I’ll respond back to your previous post when I can, but for your newest post, you need to be in Edit Mode to see that Mesh Display in your panel. Make sure you select Faces there and increase the Size to see it easier.

In the screenshot I posted I have a face selected and you can also see I am in edit mode O: :open_mouth:

I suspected it to be a version problem at first but then it started to get more fishy.

^ All faces selected and no Mesh Display section.

Isn’t that your mesh display there circled? That’s what I see in your screenshot.

Below the circle, click on an Icon for Normals. And increase the size. First is Vertex, Second is Edge, Third icon is Faces.

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What the - sorcery!

You know what’s wierd is I was extruding stuff then out of total random I saw those dots appear on my faces(hotkey maybe?). I was looking all over for that window in edit mode before though. In my first screenshot you can see I am in edit mode with… actually it is cut off. Hmm I dunno but I was looking all over for this earlier trying to replicate any settings he might of had - thanks for pointing this out.

There is still however a chance there’s a bug or exception, unless theres a hotkey I just hit now.

For your previous post about practical use for double sided normals, think about it this way:

First one is just 2 planes, are you going underneath it or above it? Are you approaching it from the side? Above or underneath won’t look bad, but viewing it from the side will most likely look horrible as it is only a slim plane and might not look visible at some angles. So you could potentially be running into something because you can’t see it.

Second one is a more proper way to model something, imo. It gives the 3D design it should have. You can give a generic texture or map it to have something more fancy.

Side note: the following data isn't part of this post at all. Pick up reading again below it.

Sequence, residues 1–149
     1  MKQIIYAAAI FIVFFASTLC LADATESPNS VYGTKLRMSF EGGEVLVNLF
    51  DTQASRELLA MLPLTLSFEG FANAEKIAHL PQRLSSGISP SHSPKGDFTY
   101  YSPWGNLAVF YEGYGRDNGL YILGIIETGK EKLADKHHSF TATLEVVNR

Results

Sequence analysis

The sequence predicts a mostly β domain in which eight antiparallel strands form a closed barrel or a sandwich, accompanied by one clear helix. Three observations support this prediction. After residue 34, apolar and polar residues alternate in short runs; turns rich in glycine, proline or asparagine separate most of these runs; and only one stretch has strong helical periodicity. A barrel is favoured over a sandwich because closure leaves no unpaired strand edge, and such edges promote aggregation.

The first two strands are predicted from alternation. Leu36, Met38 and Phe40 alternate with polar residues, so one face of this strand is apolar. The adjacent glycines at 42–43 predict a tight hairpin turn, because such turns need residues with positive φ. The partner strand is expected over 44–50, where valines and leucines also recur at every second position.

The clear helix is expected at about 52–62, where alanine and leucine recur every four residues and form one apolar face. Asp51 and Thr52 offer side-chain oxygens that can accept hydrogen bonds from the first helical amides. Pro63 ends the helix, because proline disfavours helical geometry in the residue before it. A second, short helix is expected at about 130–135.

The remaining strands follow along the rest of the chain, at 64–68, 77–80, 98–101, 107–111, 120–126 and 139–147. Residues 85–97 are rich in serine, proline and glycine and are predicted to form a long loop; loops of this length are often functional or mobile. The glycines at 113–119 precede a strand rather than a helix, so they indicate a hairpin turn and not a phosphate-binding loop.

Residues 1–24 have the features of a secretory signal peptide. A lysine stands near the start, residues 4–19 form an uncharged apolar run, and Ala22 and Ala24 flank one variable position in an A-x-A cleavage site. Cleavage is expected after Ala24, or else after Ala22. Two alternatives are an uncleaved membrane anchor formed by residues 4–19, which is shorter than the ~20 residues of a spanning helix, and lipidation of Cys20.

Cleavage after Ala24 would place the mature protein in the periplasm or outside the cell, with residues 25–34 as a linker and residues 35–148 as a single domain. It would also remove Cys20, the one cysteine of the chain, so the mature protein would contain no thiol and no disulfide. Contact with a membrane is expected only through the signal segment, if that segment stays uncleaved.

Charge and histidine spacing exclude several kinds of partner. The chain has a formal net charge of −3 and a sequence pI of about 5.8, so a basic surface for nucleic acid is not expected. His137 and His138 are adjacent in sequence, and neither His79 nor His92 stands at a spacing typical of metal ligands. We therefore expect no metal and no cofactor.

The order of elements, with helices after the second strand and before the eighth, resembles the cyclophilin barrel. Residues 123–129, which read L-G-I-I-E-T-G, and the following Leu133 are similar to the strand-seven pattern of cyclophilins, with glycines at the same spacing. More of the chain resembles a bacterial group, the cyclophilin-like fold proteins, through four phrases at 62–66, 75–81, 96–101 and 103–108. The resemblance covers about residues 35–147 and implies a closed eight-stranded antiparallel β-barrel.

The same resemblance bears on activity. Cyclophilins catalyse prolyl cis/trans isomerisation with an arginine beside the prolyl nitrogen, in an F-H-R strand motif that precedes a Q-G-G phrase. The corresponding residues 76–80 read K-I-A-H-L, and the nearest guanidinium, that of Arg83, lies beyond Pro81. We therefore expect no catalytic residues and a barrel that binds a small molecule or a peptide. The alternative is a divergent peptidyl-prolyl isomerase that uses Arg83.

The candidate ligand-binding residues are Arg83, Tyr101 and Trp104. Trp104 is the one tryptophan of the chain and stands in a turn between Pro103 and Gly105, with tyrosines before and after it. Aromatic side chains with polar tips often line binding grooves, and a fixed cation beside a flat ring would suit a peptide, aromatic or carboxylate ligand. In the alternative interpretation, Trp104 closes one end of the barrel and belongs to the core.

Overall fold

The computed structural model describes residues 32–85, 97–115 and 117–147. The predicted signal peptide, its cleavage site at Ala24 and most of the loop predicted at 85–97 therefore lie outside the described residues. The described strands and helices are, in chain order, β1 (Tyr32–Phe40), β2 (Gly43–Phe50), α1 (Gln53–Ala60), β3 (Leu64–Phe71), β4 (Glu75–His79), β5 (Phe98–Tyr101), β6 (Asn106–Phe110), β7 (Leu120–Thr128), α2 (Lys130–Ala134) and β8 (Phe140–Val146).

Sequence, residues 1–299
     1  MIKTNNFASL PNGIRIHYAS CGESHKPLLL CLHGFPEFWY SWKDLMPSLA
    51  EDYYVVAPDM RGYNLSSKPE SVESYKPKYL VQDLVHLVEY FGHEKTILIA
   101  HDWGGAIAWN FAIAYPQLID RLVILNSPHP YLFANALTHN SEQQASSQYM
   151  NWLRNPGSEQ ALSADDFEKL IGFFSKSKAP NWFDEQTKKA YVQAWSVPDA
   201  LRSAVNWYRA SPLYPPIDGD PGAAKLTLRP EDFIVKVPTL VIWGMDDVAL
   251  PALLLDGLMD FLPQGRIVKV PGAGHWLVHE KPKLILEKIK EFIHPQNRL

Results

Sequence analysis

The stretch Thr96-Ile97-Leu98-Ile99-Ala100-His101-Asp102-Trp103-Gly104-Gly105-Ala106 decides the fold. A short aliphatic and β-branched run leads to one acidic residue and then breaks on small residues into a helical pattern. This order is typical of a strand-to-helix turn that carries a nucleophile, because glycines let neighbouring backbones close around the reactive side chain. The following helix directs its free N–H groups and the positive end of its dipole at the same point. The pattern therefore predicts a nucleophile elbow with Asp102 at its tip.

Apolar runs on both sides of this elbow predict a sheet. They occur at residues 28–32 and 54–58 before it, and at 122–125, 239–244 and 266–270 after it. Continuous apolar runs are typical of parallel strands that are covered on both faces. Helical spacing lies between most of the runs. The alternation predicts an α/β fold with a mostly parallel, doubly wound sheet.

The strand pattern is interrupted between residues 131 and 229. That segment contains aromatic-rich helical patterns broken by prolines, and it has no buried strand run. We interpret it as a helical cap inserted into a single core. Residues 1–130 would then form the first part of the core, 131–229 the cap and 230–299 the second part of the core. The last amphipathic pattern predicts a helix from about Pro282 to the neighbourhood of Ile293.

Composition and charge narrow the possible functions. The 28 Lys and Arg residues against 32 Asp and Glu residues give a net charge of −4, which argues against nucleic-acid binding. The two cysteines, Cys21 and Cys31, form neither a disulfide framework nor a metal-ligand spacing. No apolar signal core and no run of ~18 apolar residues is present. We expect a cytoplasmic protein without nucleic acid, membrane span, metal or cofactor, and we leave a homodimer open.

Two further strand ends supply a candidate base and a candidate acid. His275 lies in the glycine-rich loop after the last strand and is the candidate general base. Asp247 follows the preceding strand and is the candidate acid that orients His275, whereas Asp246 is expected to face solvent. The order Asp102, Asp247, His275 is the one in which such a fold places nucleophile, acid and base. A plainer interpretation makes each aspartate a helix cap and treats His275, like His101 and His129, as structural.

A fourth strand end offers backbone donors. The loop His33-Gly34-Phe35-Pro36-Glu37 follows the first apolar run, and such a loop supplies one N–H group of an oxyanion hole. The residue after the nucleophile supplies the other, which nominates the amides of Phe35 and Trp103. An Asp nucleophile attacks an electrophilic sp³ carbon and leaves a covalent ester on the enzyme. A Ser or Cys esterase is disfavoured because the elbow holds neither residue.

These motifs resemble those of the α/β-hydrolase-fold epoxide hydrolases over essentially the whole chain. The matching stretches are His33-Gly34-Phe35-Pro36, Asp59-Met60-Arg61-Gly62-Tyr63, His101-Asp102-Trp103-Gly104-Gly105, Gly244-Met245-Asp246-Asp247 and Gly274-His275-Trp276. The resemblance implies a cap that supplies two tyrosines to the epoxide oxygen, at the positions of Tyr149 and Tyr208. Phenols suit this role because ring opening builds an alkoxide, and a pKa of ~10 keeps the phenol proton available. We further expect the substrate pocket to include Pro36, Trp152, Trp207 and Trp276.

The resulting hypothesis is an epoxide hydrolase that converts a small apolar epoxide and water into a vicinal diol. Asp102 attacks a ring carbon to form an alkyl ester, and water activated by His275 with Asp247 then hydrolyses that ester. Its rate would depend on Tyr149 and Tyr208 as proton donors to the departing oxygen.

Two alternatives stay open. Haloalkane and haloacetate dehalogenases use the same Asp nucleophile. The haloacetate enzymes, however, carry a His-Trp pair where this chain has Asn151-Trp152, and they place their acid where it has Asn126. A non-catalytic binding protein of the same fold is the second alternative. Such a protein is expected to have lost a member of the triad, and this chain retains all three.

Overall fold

Third one is a mix of the first and second. It might look ok from above or below, but a side view again will just make it too odd.

Fourth one would be more proper design of the third.


Then it will come to where you are putting these things. If you are covering something, let’s say making a motionless rock that’s a dome-shape without a bottom, you’ll never see it from underneath. So no need to make extra faces for a bottom.

If you are designing an interior or exterior of a building in separate load maps, they can be planes with just one side for texture.

Worrying about seeing through objects will be more or less an issue of placement / level design. And more importantly, collision meshes (which you will learn about later) will restrict both character movement and camera movement. It will depend on your settings when designing whatever it is you would be making.

Plants are something you will see later in the course. They usually will contain multiple planes put together with double-sided images to appear more lush and life-like. That’s a more practical use for double-sided normals. That’s IF you make your plants like that. They can be 3D models, of course.


In the end, it will come down to what you want to do. The only thing you are required to do is test everything for issues. Lighting might become an issue; clipping might be an issue; resource usage might be an issue.

Your vision is the most important thing, but it still needs to work and appeal to enough people if you are trying to sell a product.

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Hmm well from a collison standpoint wouldn’t it normally block you anyway? Or perhaps this isnt true- which would explain jumping up out of models from underneath them, due to the one sided collision forcing you upwards - xD.

I am not super concerned about the side view - most people are oblivious to how anything in a game works, or the valid mechanics that is there - they do not get to see such things in the sheltered scenarios us ******* designers put them in x|).